Follow me on BlueSky

Follow me on Mastodon

Follow me on FB

A Return to Reading


I have always been a big reader. I zipped through books as a kid like I was drinking water, and although my interests evolved over time, I really never stopped reading. Until I did.

The Covid pandemic brought a halt to my ability to read a book. In recent years, I've logged my reading on Goodreads and, as can be seen in the above screenshot, my reading took a nosedive just as Covid surged. I suspect it wasn't just the pandemic that caused this, but everything happening in the world - I couldn't let go of reality long enough to lose myself in a book, and it shows in my reading challenge statistics.

The low point occurred in 2021, with only 3 books read. Two of these were books written by friends; the third is a book of poetry that I don't even remember reading. It distressed me that I wasn't reading, but not enough to do anything about it. 

And then I was asked to write a selection for the Washington Independent Review of Books column Bedtime Stories, where authors write about what they're reading. Panic! What could I do....but be honest. So, I was, and talked about how I couldn't focus on books anymore, but fondly remembered books I'd read in the past. It's still posted here, if you're interested in reading my rambles.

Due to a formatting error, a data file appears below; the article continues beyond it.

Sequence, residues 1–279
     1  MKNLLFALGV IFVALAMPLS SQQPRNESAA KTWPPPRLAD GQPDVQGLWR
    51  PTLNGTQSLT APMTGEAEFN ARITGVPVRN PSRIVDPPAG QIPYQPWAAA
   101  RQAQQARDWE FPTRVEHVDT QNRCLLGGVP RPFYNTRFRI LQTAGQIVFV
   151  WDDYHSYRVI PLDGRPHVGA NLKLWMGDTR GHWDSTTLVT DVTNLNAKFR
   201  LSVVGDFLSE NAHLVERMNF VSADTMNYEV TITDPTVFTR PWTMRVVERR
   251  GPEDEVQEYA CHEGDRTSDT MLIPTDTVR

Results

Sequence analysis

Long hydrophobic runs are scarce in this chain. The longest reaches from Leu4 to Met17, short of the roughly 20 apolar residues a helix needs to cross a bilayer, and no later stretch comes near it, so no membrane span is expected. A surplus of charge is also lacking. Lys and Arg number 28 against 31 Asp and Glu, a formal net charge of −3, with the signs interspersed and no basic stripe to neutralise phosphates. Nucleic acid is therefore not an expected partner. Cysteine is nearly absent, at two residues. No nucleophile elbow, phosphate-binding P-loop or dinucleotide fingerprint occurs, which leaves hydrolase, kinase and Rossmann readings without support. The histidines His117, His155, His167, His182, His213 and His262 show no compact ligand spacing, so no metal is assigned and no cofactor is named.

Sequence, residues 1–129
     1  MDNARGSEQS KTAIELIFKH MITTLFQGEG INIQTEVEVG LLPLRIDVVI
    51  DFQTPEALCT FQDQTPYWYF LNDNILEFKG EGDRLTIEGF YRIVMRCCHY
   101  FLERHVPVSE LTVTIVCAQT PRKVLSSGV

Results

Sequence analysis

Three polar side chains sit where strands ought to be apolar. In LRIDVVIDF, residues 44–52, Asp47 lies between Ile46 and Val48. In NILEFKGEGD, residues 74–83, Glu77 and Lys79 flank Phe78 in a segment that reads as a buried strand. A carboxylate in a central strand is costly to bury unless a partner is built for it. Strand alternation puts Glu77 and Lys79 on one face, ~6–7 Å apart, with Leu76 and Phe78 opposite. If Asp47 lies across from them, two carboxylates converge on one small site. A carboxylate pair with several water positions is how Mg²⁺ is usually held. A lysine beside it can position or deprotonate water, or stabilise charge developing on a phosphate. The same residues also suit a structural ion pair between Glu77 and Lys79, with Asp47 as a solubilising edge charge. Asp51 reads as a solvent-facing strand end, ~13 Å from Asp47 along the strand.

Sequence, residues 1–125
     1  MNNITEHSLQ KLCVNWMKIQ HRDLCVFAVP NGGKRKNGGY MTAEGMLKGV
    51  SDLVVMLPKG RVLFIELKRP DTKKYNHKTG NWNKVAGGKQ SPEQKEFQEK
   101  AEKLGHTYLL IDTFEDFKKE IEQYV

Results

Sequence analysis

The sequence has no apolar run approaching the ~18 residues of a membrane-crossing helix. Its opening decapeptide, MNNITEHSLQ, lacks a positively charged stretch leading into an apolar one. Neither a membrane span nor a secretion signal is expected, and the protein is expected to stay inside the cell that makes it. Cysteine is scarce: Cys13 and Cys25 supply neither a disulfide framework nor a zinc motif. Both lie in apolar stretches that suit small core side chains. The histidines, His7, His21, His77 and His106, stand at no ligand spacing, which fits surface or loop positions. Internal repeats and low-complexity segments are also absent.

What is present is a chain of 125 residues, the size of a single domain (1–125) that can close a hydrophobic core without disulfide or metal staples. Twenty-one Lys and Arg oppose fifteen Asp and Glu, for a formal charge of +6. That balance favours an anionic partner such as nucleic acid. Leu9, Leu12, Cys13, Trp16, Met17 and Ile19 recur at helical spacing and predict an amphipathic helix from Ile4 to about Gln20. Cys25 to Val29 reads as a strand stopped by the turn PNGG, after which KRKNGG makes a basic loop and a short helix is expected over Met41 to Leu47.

In 2022, I decided I needed to at least try. I started with another book by a writer I personally know: "The Other Ones," by Dave Housley. This turned out to be a great read, but I still couldn't get into novels. The next book I tried was nonfiction: "American Republics," by Alan Taylor. This fascinating history of the US and Canada in the period before the US Civil War kept my attention all the way through, and I was able to read the whole thing.

I tried a few more novels after that, and really enjoyed "News of the World," by Paulette Jiles. I'd never heard of this author, but found this short novel in a Little Library in my neighborhood. The short length helped me finish, but the story and the writing were both fantastic. That year, I also enjoyed "Sleepwalk," by Dan Chaon, a bizarre but totally compelling thriller about a near-future world much like our own.

I still felt like I was not reading, though, and months would go by without me picking up a single book. I decided enough was enough; I needed to approach this the way I do my running. I needed to go back into training - put myself on a schedule and read at least one book each month. It worked!

Last year, I exceeded my Goodreads goal of one book a month, and I have kept the momentum going. I am currently on my fifth book of the year in 2024, so have gone back to my goal of 25 books per year, a goal I never had trouble reaching before the near-end of my reading life. 

There are no shortage of books to read, after all. One favorite among the five I've read so far this year is Jill McCorkle's new book, "Old Crimes: and Other Stories," which I found on the "New Books" shelf at the library. I've become a regular at the local branch of my public library. This is the way it should be. This is who I am: a reader.


Subscribe to my Blog on Substack!